Learning that Connects

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By on March 15, 2021   /   Leave a comment

As children, we are expected to learn. Our parents, teachers, and coaches dictate the things we need to know, often with a “you’ll need this in the future” caveat. We observed and listened. After all, learning was our primary responsibility as children. 

All of that changes in adulthood. Learning becomes a choice, and with that choice comes the authority to dictate what we will learn, when we will learn it, and whom we want to learn it from. Adult education includes unique factors that impact the learning experience. 

As support-raising trainers, we want to effectively equip staff within our organization with the knowledge and skills to succeed in support raising. The learning opportunities we provide are an essential part of that process. Here are three core principles of adult learning to consider in providing any level of support-raising training:

1. Adult learners are motivated by relevance  

We pursue learning opportunities that will directly improve our lives and meet an immediate need. “You’ll need this someday” no longer motivates. We desire to see clearly why learning something is important and how it applies to life. A new staff member raising support for the first time will likely find a support raising training very relevant. But what about a veteran staff member receiving ongoing training? Training topics should be driven by the felt needs of staff. An hour long training on compiling a good newsletter will leave veteran staff disengaged if their greatest need is knowing how to improve their year-end ask strategy.  

Cast clear vision for why a topic is relevant and provide practical application. Take time to listen to the felt needs of participants and use that information to direct future learning topics.  

2. Adult learners have prior experience/knowledge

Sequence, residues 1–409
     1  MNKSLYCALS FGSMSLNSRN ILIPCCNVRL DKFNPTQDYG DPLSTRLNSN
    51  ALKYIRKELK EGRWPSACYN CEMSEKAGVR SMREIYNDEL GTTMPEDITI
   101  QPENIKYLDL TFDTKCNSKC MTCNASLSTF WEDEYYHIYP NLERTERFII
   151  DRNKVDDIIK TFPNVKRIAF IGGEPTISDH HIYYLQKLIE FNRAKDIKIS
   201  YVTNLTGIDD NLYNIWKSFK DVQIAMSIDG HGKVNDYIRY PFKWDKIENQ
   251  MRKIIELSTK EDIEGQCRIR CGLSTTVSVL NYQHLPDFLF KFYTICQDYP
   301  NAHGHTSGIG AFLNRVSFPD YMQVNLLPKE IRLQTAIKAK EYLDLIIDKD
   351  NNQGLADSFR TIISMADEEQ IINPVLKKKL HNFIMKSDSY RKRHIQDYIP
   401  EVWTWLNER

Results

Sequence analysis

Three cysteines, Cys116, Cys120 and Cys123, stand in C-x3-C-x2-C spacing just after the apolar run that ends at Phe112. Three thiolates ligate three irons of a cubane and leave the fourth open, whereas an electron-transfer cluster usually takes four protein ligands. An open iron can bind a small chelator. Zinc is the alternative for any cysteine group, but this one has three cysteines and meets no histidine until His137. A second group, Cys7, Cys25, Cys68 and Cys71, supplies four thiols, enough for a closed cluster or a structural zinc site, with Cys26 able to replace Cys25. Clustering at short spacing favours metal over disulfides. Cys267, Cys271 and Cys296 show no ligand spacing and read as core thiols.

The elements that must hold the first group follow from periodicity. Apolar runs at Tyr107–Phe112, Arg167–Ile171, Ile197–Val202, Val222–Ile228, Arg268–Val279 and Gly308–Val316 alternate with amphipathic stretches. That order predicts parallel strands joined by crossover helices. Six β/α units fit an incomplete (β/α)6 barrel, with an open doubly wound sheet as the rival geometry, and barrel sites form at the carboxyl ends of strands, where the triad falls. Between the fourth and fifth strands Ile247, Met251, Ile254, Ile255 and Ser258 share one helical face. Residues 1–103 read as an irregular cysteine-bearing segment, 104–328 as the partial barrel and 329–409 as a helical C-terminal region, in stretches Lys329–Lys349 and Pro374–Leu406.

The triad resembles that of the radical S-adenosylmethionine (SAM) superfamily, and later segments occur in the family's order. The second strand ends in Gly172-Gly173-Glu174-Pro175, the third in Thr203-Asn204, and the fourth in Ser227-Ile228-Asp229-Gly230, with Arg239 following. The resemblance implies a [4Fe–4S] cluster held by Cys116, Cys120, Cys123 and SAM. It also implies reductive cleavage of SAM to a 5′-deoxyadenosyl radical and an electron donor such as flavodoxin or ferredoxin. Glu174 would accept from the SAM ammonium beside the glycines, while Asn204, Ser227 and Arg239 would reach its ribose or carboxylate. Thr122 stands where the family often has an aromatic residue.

We bring to the learning experience a wealth of pre-existing knowledge and experiences. Rarely does an adult educator begin with a blank canvas. A trainer may bring greater insight and understanding to a topic, but they are not the only person in the room to learn from. We can contribute to one anothers learning through sharing existing knowledge and drawing on each other’s diverse experiences. 

Prioritize group discussion and individualization in training. Provide outlets for adults to incorporate or compare existing knowledge with what they are learning and share from their experiences.     

Steer conversations around existing knowledge and experience by incorporating less-obvious components still connected to the learning objective. For example, give participants an opportunity to talk about a time when they were fearful of doing something and how they worked to overcome that fear, or to share about an action or note they’ve been the recipient of that made them feel genuinely appreciated. Connecting current learning to past experiences can enhance learning.      

3. Adult learners are self-directed 

We are self-directed in our approach. We need to feel as though we have a sense of responsibility, control, and decision-making over our learning. Trainers who act as facilitators rather than fact experts create an atmosphere where adult learners feel like active participants in the learning process. Working in cooperation with others or sharing personal findings in learning give adult learners a greater sense of ownership and buy-in. 

Allow participants to help inform next steps and ongoing learning needs after a training event. Provide opportunities for them to collaborate and speak into the learning experience. 

As trainers, our responsibility is to guide learning, not force it. By ensuring trainings offered to staff are relevant, incorporating prior knowledge/experiences, and providing opportunities for self-directed learning, we create environments where deeper connection can take place.

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